Paul Andersen: Climate is the Civil Rights of today
Greta Thunberg’s youthful innocence while protesting environmental degradations is akin to the innocent faces of the Children’s Crusades from the Middle Ages. How pure and desperate are these missions of youth.
Greta’s cohort of young, worldwide climate activists has swelled into the millions, rising up in a challenge against ecocide in the same way the Civil Rights movement challenged the status quo of racial tension that continues to embroil America.
When Martin Luther King wrote his famous “Letter from the Birmingham Jail,” he brought to bear the moral and ethical underpinnings of Western civilization, in particular decrying the “white moderates” who understood the gravity of racism but failed to act.
“History is the long and tragic story of the fact that privileged groups seldom give up their privileges voluntarily,” impugned King. “Individuals may see the moral light and voluntarily give up their unjust posture; but as Reinhold Niebuhr has reminded us, groups are more immoral than individuals.”
So it is that Greta challenges today’s environmental moderates who recognize ecological threats but fail to act, resulting in threats to the dreams of future generations. Thunberg’s soft, piping voice is as much a clarion call as MLK’s sonorous baritone in defending basic human rights in the face of social disregard for an imperiled future.
“I cannot sit idly by and not be concerned about what happens,” wrote King in defense of his activism. “Injustice anywhere is a threat to justice everywhere. We are caught in an inescapable network of mutuality, tied in a single garment of destiny. Whatever affects one directly affects all indirectly. Never again can we afford to live with the narrow, provincial ‘outside agitator’ idea.”
Thunberg may be seen as an outside agitator during her visit to the U.S., but her mission is universally justified because of the mutuality of climate change. Individuals may take action on climate, as did individuals working for social justice during King’s day, but society is a slow-moving mass that denies accountability and hinders progress.
King condemned white moderates as a major stumbling block in the Civil Rights movement. He saw them as “more devoted to order than to justice, who prefer a negative peace, which is the absence of tension to a positive peace, which is the presence of justice … who live by the myth of time.”
The youth of the world rising up against the status quo on climate change are creating a growing tension over the way most of us live. These committed young people are questioning the collective conscience over the “wait and see” ambivalence that is perpetuating the spewing of climate changing pollutants. They insist that now is the time to act, and they are right.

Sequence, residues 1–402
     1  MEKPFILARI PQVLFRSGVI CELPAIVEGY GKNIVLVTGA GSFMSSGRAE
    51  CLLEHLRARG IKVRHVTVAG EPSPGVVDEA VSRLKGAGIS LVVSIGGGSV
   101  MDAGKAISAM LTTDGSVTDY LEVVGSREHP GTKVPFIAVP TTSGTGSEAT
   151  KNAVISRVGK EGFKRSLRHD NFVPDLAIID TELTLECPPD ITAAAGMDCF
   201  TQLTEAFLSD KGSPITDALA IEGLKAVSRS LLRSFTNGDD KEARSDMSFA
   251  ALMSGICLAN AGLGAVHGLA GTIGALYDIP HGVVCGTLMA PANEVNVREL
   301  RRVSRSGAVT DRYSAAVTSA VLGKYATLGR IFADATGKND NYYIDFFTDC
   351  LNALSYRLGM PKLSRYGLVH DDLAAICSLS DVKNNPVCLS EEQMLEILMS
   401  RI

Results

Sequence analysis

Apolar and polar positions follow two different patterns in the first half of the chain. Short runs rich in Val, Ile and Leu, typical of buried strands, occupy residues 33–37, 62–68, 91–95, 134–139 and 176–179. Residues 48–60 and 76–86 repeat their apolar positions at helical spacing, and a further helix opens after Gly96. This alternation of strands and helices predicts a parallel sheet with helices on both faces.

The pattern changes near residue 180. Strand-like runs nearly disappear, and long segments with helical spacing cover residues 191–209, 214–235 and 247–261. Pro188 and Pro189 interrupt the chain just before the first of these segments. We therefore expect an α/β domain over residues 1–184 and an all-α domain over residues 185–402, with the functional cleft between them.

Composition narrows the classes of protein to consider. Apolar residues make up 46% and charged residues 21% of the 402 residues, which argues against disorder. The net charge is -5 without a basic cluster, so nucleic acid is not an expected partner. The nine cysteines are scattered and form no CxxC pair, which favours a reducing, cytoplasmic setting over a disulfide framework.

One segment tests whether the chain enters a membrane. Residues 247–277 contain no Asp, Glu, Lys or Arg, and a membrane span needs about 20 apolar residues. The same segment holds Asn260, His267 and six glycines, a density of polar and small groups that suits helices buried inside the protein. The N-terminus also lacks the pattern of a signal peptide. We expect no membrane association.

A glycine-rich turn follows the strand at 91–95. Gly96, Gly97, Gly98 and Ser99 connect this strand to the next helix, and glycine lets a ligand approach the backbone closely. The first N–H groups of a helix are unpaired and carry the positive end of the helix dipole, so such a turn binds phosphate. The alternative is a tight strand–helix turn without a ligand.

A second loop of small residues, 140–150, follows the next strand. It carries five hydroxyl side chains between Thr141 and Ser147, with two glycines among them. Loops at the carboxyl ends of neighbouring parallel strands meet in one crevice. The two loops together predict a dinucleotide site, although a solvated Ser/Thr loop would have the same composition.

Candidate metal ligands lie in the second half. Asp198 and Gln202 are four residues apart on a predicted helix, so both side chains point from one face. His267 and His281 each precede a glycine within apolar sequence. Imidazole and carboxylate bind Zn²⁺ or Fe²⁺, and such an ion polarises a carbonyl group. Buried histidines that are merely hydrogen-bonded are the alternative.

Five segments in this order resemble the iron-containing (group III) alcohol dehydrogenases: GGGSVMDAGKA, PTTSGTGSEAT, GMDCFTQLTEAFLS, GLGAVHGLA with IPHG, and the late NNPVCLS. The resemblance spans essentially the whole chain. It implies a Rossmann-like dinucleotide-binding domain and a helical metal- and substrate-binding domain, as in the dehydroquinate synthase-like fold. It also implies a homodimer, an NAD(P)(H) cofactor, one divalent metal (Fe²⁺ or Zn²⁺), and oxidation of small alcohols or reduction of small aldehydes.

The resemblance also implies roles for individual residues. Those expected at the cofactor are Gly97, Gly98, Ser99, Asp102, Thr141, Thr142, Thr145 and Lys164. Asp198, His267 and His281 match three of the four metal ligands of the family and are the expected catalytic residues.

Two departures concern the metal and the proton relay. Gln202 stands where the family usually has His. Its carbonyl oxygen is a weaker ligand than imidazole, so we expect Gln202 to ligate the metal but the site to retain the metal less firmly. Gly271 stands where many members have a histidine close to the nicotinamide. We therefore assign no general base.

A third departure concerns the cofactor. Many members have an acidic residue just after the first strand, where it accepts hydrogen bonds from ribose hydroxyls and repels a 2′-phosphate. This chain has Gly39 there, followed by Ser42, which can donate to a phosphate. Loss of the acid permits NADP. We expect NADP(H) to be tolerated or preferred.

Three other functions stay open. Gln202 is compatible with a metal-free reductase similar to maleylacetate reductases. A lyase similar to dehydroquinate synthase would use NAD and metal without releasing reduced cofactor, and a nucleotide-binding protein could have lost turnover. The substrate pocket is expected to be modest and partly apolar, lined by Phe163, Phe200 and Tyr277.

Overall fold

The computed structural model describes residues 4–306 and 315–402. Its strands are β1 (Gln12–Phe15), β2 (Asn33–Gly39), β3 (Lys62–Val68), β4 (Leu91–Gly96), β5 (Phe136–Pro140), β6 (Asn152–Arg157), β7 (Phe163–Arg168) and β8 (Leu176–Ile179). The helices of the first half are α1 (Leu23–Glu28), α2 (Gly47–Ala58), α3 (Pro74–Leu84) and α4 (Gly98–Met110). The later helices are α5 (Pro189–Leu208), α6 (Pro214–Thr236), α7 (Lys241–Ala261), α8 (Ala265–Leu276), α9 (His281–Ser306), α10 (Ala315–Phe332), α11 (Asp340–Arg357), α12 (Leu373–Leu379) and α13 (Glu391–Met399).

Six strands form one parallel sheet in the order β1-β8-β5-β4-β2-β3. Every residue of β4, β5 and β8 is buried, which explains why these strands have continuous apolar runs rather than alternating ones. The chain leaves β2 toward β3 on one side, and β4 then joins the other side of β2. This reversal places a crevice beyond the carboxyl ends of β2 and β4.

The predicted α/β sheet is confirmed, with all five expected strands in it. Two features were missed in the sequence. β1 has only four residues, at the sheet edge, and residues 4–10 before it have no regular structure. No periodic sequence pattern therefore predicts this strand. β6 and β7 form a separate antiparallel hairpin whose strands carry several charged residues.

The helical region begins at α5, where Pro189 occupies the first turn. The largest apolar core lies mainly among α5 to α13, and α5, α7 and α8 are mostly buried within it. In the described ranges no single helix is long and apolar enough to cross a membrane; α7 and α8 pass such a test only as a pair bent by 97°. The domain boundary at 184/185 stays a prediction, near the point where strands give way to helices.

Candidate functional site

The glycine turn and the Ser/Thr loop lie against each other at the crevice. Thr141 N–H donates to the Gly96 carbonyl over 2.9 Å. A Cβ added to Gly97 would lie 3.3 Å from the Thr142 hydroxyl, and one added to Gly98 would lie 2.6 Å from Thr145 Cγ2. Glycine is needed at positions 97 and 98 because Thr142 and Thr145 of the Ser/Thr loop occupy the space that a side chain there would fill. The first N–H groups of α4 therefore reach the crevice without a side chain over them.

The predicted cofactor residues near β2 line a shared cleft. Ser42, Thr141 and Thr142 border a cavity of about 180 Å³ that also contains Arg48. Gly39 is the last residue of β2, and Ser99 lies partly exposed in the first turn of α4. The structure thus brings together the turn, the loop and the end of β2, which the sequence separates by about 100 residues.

“Shallow understanding from people of goodwill,” observed King, “is more frustrating than absolute misunderstanding from people of ill will. Lukewarm acceptance is much more bewildering than outright rejection.”
This serves as an apt description of the U.S. today where climate change remains what Al Gore decades ago referred to as an “inconvenient truth.” That truth confounds the collective conscience in the face of dramatic and necessary change that appears to be too much of a bother for the consumer culture.
Gore pointed this out in a New York Times editorial last week where he appealed to moral accountability and social courage. He justifiably shamed Americans for our failure to accept responsibility for our leading role in damaging the global atmosphere.
Wrote Gore: “Now we need to ask ourselves: Are we really helpless and unwilling to respond to the gravest threat faced by civilization? Is it time … to despair, surrender and focus on ‘adapting’ to the progressive loss of the conditions that have supported the flourishing of humanity? Are we really moral cowards, easily manipulated into lethargic complacency by the huge continuing effort to deceive us into ignoring what we see with our own eyes?”
MLK recommended four steps for activism: 1) Collection of the facts. 2) Negotiation. 3) Self-purification. 4) Direct Action.
Greta and her peers have checked off the first three and are now engaged in direct action. Hopefully, with the moral authority of youth, they can effectively change hearts and minds.
Paul Andersen’s column appears on Mondays. He may be reached at email@example.com.
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